The Pentagon has its Eye on China's Technology Innovations

As concern arises over the potential military consequences of highly technological innovation in China and other nations, the Pentagon is working on creating a program that will track and analyze these new technological advances.  The program will focus on technology research, patents, military records and interview shows.  Over the past few decades, we have seen the change from the Cold War of intelligence gathering to the current global climate of information available over the Internet that challenges the traditional methods of intelligence gathering. The sheer volume of data (big data) and information overwhelms the ability of analysts to produce intelligence from new electronic sources.

What will Top the Technology Charts in 2014?

2013 brought about many advances in technology as the world continues to move towards the Internet of Things, Big Data continues to increase, and mobile devices turn over faster than anyone can keep up with.  So as 2013 nears to an end, the question becomes, what will advances in technology bring in 2014?  Frank Gens, Senior Vice President and Chief Analyst at IDC predicts, "In 2014, we'll see every major player make big investments to scale up cloud, mobile, and big data capabilities, and fiercely battle for the hearts and minds of the developers who will create the solutions driving the next two decades of IT spending. Outside the IT industry, 3rd Platform technologies will play a leading role in the disruption (or "Amazoning") of almost every other industry on the planet."

Could Big Data be the Key to Saving Your Life?

Big data, the term coined for the collection of data sets so large and complex that it becomes difficult to process using on-hand database management tools or traditional data processing applications, has been steadily gaining its popularity.  As the medical field continues to grow and change, big data is increasingly playing a bigger role.  Under the auspices of the Health Information Technology for Economic and Clinical Health Act, (HITECH Act), the U.S. government is requiring healthcare providers -- hospitals, clinics and private practices alike -- to implement EHRs or Electronic Health Records.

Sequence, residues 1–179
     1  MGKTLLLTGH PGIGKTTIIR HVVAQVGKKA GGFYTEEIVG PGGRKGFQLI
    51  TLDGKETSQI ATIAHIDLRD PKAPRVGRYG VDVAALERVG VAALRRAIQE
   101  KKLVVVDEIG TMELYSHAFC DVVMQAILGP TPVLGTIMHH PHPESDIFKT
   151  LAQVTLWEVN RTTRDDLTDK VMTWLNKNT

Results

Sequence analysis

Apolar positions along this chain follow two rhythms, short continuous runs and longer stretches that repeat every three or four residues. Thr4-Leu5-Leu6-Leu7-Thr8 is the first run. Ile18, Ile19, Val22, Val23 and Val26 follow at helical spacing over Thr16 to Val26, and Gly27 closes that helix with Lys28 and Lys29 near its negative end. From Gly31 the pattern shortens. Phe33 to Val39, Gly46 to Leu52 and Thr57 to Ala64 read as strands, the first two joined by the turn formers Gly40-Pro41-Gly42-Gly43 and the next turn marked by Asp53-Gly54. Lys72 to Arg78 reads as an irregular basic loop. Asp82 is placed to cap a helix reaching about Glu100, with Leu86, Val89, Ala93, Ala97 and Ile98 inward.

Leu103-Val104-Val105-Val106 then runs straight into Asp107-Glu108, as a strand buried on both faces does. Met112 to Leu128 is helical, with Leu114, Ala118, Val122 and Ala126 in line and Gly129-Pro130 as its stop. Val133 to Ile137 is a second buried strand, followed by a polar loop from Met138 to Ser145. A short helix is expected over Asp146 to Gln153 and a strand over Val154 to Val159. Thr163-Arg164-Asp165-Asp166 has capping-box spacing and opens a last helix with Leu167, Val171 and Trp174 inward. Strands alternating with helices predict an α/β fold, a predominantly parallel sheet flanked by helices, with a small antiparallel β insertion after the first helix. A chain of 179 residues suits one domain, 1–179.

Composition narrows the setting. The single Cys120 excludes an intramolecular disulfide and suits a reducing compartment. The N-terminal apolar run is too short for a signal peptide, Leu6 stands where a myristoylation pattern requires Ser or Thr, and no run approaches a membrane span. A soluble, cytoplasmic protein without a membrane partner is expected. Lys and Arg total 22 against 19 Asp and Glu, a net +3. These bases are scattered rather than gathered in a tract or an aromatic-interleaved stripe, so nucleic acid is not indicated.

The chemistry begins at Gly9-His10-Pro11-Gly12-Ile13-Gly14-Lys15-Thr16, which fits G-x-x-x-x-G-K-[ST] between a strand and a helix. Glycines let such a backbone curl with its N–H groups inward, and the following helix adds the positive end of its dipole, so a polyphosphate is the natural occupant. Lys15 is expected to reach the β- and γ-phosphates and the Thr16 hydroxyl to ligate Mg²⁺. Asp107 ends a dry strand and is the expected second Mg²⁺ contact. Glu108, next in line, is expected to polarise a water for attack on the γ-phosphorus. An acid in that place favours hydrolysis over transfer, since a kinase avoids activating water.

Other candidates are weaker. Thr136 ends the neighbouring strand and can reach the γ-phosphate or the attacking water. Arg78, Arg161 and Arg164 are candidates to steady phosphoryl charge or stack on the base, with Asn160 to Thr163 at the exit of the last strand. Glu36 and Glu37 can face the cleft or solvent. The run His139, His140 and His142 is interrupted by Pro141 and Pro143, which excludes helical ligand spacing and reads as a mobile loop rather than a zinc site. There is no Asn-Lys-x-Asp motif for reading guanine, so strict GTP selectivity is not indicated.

Wiley v Kirtsaeng Media Update

XSi has been tracking the Supap Kirtsaeng v. John Wiley & Sons Inc. Supreme Court case. We can’t believe it’s taken the rest of the U.S. until now to be aware of just exactly what this means to all consumers including individuals, businesses and government buyers. If the Supreme Court rules in favor of Wiley, then no one will be able to resell a product they own if it was manufactured overseas. Which is just about everything these days. We are talking iPhones, Toyota cars, Antiques, TV’s, computers, gaming systems, toys, etc.

Could China be Spying on the U.S. Through our Networks?

On Monday, October 8th, an investigative report was issued by Chairman Mike Rogers and Ranking Member C.A. Dutch Ruppersberger of the Permanent Select Committee on Intelligence.  The report, "Investigative Report on the U.S. National Security Issues Posed by Chinese Telecommunications Companies Huawei and ZTE," was issued as a result of the House Permanent Select Committee on Intelligence initiating an investigation in November 2011 to inquire into the counterintelligence and security threat posed by Chinese telecommunications companies doing business in the United States.

Your Right to Resell your iPhone may be in Jeopardy!

Have you ever owned a foreign made car?  What about a foreign made computer?  Perhaps an iPhone?  Have you ever decided you wanted a new one and before you buy it you’d like to sell your old one to offset costs?  Well, if you’re like the majority of people the answer is more than likely YES! If so, you might be surprised to find out your chances of doing that in the future just might be in jeopardy. 

Kirtsaeng v. Wiley and the Threat to Library Lending: ARL to Host Webcast